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Venezuela leader's return may boost pressure for new vote

President Hugo Chavez's poor health, along with a currency devaluation and his questionable designation of a successor, could spur quick elections.

February 18, 2013|By Chris Kraul and Mery Mogollon, Los Angeles Times
  • Supporters of Venezuelan President Hugo Chavez gather at Simon Bolivar Square in Caracas to celebrate his return after cancer surgery in Cuba.
Supporters of Venezuelan President Hugo Chavez gather at Simon Bolivar… (Juan Barreto / AFP/Getty…)

CARACAS, Venezuela — President Hugo Chavez's return to Venezuela after cancer treatment in Cuba answered questions about whether he was still alive and triggered impassioned rallies among his supporters. But continued concern for his health and decisions made during his 10-week absence may only increase pressure for new elections to choose a successor.

Among the political factors at work, analysts said Monday, is the 46% devaluation of Venezuela's currency ordered this month by Chavez's designated political heir, Vice President Nicolas Maduro. The move could carry political costs in the long term that would make it expedient for Chavistas to hold quick elections if the president is too ill to govern.

The Venezuelan Constitution calls on the president of the National Assembly to hold new elections once an incumbent resigns or is deemed unfit to hold office. With Chavez battling cancer for which he has undergone four surgeries, that determination may not be far off.

As a result of the devaluation, Venezuelans' real income may decrease by 20% this year and inflation could rise 30%, said Francisco Monaldi, visiting professor at Harvard's Kennedy School of Government. Such economic fallout will most hurt poor Venezuelans — Chavez's core supporters —because they spend a higher portion of their income on imported food, he said.

"The popularity of the government could fall at least 5 percentage points in the next few months" because of the devaluation, Monaldi said, adding that Chavez's lieutenants should try to hold elections "very fast" before the full impact of the weaker currency is felt.

During Chavez's absence, Maduro ordered the devaluation of the bolivar, bringing it to 4.30 to the dollar, down from 6.30, at the official exchange rate. On the black market, it takes as many as 20 bolivares to buy a dollar. In addition, rumors are swirling that the government may impose rationing to deal with the increasing scarcity of staples such as rice, beans, chicken and cooking oil.

Chavez arrived in the capital early Monday and was admitted to a military hospital in the impoverished San Martin barrio in west Caracas. There were no official photos of his arrival; the only ones released since his most recent surgery on Dec. 11 were made public Friday. Government sources said he was still having difficulty speaking because of a respirator in his throat.

Chavez's return did little to clarify his medical condition. He was diagnosed with cancer in June 2011, but the precise type and its location have never been revealed.

Hundreds of supporters gathered Monday in the historic center of Caracas and near the military hospital to show their support. The government is said to be organizing massive demonstrations for later this week.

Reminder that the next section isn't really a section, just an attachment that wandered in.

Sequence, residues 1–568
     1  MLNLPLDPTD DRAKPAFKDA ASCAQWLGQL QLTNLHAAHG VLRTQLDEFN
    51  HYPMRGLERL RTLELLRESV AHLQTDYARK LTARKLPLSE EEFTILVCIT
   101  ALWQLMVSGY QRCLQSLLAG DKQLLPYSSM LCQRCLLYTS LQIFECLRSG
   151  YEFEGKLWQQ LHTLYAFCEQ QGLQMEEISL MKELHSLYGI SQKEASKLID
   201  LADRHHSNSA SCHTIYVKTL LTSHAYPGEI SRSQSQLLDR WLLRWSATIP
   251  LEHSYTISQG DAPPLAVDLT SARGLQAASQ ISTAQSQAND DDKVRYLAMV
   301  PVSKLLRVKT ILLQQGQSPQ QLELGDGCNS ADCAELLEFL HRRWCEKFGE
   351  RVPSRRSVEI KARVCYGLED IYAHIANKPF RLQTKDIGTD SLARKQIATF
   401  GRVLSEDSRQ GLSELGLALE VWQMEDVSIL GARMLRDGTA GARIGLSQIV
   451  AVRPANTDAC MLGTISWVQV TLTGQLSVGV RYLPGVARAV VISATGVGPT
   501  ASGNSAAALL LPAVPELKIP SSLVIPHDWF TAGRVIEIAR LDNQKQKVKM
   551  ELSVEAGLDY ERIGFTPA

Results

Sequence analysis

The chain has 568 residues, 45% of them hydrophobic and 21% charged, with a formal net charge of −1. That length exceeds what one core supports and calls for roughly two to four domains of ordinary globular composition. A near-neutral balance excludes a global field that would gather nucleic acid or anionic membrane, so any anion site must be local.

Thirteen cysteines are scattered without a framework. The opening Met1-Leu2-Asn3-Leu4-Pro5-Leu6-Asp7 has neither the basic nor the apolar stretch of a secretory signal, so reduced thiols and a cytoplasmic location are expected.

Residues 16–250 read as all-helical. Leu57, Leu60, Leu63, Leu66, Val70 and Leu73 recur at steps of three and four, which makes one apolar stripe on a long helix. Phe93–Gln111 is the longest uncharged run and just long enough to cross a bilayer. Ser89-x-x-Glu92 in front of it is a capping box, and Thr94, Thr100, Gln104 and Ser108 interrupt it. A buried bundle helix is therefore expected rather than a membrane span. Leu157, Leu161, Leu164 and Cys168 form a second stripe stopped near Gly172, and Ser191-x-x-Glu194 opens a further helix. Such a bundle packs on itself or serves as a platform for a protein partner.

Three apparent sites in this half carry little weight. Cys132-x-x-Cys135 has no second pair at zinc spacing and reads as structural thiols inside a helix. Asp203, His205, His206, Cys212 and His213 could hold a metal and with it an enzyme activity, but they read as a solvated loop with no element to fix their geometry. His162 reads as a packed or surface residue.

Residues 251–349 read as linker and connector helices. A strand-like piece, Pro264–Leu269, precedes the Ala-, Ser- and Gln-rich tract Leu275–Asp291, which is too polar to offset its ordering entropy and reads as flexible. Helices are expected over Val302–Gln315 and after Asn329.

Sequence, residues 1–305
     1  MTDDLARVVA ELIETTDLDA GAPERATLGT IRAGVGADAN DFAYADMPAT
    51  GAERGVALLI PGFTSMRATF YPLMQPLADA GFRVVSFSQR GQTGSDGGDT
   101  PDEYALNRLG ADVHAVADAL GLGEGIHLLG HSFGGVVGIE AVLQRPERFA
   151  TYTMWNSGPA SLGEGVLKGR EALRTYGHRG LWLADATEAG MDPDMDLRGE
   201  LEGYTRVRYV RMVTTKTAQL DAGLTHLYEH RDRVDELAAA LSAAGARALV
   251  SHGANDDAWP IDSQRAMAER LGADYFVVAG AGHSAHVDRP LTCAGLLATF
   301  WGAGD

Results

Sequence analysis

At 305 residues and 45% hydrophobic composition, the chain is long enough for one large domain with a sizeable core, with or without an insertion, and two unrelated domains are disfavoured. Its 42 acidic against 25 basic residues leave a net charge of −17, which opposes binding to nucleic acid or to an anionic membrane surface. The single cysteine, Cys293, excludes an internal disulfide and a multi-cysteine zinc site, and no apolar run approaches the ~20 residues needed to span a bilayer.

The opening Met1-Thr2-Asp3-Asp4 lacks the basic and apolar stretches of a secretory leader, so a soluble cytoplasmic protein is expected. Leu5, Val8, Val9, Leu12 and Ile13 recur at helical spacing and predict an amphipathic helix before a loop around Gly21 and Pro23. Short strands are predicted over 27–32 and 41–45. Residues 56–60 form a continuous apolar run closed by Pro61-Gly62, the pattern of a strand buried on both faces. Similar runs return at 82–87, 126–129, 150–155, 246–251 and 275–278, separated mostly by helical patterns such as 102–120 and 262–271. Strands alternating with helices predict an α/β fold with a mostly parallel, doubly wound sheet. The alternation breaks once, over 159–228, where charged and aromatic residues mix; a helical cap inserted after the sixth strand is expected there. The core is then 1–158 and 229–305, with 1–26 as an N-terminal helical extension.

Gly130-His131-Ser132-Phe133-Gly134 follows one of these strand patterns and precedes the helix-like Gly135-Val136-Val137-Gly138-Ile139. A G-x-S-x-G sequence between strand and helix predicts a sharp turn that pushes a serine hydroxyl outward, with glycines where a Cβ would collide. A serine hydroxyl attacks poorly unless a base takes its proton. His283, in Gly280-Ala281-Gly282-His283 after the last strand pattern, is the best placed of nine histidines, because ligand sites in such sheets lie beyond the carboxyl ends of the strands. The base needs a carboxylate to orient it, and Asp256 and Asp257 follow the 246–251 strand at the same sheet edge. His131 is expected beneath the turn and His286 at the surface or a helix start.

Chavez was elected to a fourth presidential term in October but was unable to take the oath of office Jan. 10 because he was hospitalized.

In what some experts said was a contradiction to the constitution, which specifies the president has to be present in Venezuela to be sworn in, the Supreme Court ruled that Chavez did not need to take the oath to start his new term and that the inauguration could be postponed indefinitely.

Before leaving for Cuba in December, Chavez designated Maduro as his successor, a move that opposition figures also have called unconstitutional. The opposition has demanded, to no avail, that Chavez be examined by a nonpartisan medical team to ascertain whether he is fit to govern.

Eric Farnsworth, vice president of the Washington office of the Americas Society, said Chavez's return didn't diminish the constitutional crisis that is gripping Venezuela in light of his long stay in Cuba and the questionable constitutionality of his designating Maduro as his successor.

"His incapacitation and his designation of the uninaugurated Maduro to run things in his absence has been a pretty clear interruption of constitutional democracy," Farnsworth said.

As for Chavez's health, Farnsworth noted that his return "in the dead of night rather than the celebratory welcome at the airport that would otherwise have been expected is revealing."

Chavez's return, despite the appearance that he has not fully recovered from surgery, may in part have been a response to increasing pressure from opposition groups. On Monday, students spent a fifth day at the Cuban Embassy in Caracas in protests originally called over Chavez's absence.

Jose Manuel Puente, an economist at the Institute of Advanced Management Studies in the capital, said this month's devaluation of the bolivar is the fifth such adjustment in the last decade and is evidence of the government's "poor exchange-rate and macroeconomic management." The effect is greatest on "the most humble, who dedicate a higher portion of their income" to food and household goods, he said.

Special correspondents Kraul reported from Barra de Navidad, Mexico, and Mogollon from Caracas.

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